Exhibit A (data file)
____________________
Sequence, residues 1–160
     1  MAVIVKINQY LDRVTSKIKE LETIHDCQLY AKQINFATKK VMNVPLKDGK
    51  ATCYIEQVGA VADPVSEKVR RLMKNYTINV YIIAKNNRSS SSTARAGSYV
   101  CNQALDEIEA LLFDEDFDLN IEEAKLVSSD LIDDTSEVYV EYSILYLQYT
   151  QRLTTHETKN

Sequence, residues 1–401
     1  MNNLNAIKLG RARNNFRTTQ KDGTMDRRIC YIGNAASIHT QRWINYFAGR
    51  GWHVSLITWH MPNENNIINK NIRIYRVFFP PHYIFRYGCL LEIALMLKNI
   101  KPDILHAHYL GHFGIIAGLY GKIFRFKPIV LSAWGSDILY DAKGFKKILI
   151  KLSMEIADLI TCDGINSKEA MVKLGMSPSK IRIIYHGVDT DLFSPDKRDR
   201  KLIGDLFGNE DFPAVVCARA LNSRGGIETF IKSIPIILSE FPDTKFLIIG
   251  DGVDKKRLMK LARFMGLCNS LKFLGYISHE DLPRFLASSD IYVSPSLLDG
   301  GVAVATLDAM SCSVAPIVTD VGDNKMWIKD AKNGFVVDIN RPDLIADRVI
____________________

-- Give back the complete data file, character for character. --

Sequence, residues 1–160
     1  MAVIVKINQY LDRVTSKIKE LETIHDCQLY AKQINFATKK VMNVPLKDGK
    51  ATCYIEQVGA VADPVSEKVR RLMKNYTINV YIIAKNNRSS SSTARAGSYV
   101  CNQALDEIEA LLFDEDFDLN IEEAKLVSSD LIDDTSEVYV EYSILYLQYT
   151  QRLTTHETKN

Sequence, residues 1–401
     1  MNNLNAIKLG RARNNFRTTQ KDGTMDRRIC YIGNAASIHT QRWINYFAGR
    51  GWHVSLITWH MPNENNIINK NIRIYRVFFP PHYIFRYGCL LEIALMLKNI
   101  KPDILHAHYL GHFGIIAGLY GKIFRFKPIV LSAWGSDILY DAKGFKKILI
   151  KLSMEIADLI TCDGINSKEA MVKLGMSPSK IRIIYHGVDT DLFSPDKRDR
   201  KLIGDLFGNE DFPAVVCARA LNSRGGIETF IKSIPIILSE FPDTKFLIIG
   251  DGVDKKRLMK LARFMGLCNS LKFLGYISHE DLPRFLASSD IYVSPSLLDG
   301  GVAVATLDAM SCSVAPIVTD VGDNKMWIKD AKNGFVVDIN RPDLIADRVI